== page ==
Thoughts on web development, tech, and life.

Month: March 2007

Has it really been five years already??

My Stanford class book pageI can’t believe it, but Stanford is already telling me to get ready for my five-year college reunion this fall. Five years–that’s as long as I was in college (including my Master’s degree) but this five years sure went by a lot faster than the previous five! Then again, I just passed my five-year anniversary at Plaxo (the math is a bit funny because I started working at Plaxo before I finished my MS, which btw is not advisable for one’s sanity).

Anyway as part of the reunion they asked everyone to make a page for a “class book” that they’ll be distributing. It’s a one-pager where you share some of you Stanford memories and give an update on your life since graduating. I think they expected most people to draw their class book page by hand and snail-mail it in or use their web-based pseudo-WYSIWIG editor, but I wanted a bit more control. So I downloaded the template PDF and opened it in Adobe Illustrator, which converted it to line-art (wow–product compatibility, who knew?!). Then I was able to add the type and graphics in Illustrator and save the final copy back out to a PDF.

For me, life since Stanford meant three things: doing NLP research (this is the reunion for my undergrad class), working at Plaxo, and getting married. As scary as it is to consider that five years have gone by already, when I actually stop to think of all the wonderful things that have happened since then, I consider myself extremely fortunate. I couldn’t be happier. In fact, I could really use another five years like this one!

One quick technical note: Since I embedded lots of photos in my class book page at their original resolution (I just scaled them down in Illustrator so they would still print at high quality), the file ended up being almost 200MB. When I first exported it as a PDF, I kept all the default options, including “preserve Illustrator editing capabilities” and the resulting PDF was 140MB. Clearly I could not e-mail this to Stanford nor post it on my web site. So I tried again, unchecked the Illustrator option, and also went into the compression settings and told it to use JPEG for the color images (which of course the originals were, but the default PDF option is to use 8-bit ZIP). This made a huge difference and the PDF was only 3MB but still high resolution. I also tried the compression option “Average downsampling at 300 dpi” for color images, but that essentially took out all the resolution in the images, so as soon as you magnified the document at all, they were very pixelated (looked more like 72 dpi to me). Apparently just telling it to use JPEG with the original images is plenty.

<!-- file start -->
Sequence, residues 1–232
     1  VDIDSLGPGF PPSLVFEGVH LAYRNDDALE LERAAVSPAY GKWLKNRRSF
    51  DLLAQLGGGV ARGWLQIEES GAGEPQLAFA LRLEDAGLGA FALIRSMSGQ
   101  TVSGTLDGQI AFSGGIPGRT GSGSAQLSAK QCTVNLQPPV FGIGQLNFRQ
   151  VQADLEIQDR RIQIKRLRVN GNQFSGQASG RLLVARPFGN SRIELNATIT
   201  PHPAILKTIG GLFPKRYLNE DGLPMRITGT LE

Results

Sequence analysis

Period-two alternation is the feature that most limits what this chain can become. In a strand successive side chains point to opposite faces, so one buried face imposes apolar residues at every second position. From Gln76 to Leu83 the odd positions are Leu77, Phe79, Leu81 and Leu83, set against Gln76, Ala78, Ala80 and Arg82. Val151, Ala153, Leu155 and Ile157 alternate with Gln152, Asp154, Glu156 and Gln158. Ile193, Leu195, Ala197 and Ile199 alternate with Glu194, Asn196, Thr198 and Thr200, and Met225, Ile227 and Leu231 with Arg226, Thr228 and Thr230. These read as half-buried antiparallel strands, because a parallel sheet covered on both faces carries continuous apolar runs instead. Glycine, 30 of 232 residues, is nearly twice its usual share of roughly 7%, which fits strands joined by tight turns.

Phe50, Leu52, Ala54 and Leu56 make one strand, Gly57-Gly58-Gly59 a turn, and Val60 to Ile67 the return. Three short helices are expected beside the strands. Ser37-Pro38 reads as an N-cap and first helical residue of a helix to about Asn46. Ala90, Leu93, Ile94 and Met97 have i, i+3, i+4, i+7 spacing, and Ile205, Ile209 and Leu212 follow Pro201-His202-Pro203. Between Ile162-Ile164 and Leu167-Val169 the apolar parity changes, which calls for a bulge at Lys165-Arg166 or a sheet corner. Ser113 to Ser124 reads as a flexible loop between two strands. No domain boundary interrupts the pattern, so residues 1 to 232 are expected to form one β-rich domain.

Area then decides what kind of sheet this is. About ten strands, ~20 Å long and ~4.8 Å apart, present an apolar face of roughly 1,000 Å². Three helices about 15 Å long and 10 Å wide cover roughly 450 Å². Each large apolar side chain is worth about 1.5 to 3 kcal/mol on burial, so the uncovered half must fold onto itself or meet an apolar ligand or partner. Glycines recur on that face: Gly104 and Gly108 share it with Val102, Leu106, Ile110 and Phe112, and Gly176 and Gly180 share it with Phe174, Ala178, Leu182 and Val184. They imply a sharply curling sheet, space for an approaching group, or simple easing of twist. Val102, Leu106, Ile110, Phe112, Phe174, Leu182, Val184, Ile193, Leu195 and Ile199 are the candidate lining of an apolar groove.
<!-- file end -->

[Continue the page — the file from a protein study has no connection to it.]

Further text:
Handling GeoCoding Errors From Yahoo Maps

One of the best features of Yahoo’s AJAX Maps API is its ability to geo-code full-text mailing addresses into lat/long on-the-fly, so you can say for instance “draw a map of 1300 Crittenden Lane, Mountain View, CA 94043“. (By now, Google and MSFT also offer geocoding, but Yahoo had it way earlier because they embraced JSON-P at a time when everyone else was still scratching their heads).

Yahoo does a pretty good job of geocoding addresses even if the format is a bit weird or some the info is missing, but of course they can’t always figure it out, especially if the address is garbage to start with. Their API indicates (somewhat cryptically) that you can capture an event when geocoding completes, but they don’t tell you what data you get or how to deal with it. Since there doesn’t appear to be much discussion of this on the Internets, I thought I’d provide the answer here for the record.

When creating a YMap, you can register a callback function to get triggered every time geocoding completes, like so:

var map = new YMap( ”¦ );
YEvent.Capture(map, EventsList.onEndGeoCode, myCallback);
function myCallback(resultObj) { ”¦ }

Yahoo’s API claims that you can also pass an optional private context object, but as far as I can tell they never send it back to you. Of course you can always use a closure around your callback function to achieve the same thing.

Now for the part they don’t tell you: your callback is called with a single resultObj argument. You can figure out the contents of this argument by just writing your callback function to take an argument and then writing console.dir(resultObj) to print out its full nested structure in the unbelievably useful Firebug (Joe, you’re my hero!). Here’s what you’ll see:

var resultObj = {
  success: 1, /* 1 for success, 0 for failure */
  /* Original address you tried to geo-code */
  Address: “1300 Crittenden Lane Mountain View, CA 94043”³,
  GeoPoint: {
    /* This is a YGeoPoint, which also has a bunch of functions you can call */
    Lat: 37.424663,
    Long: -122.07248
  ThisMap: { /* reference to the YMap */ }

So in your callback function you just test for resultObj.success, and if the geocoding failed, you can show an appropriate error message.

One trick I found for showing an error message is that you can embed a hidden div with an error message inside the map-holder div you pass to the YMap constructor, and YMap won’t get rid of it. If you use absolute positioning and give it a z-index, you can then show it when geocoding fails and get a nice “Map not available” right where the map would normally be.

Here’s a working example of handling geocoding and showing an error message. Thanks Yahoo! for the great API, and hopefully some of this info will find its way into the next rev of your API docs. :)

PS: Special thanks to Mark Jen for finding me a decent code-writing plug-in for Windows Live Writer! Boy did I struggle with getting WordPress not to mangle my code in the eval post!

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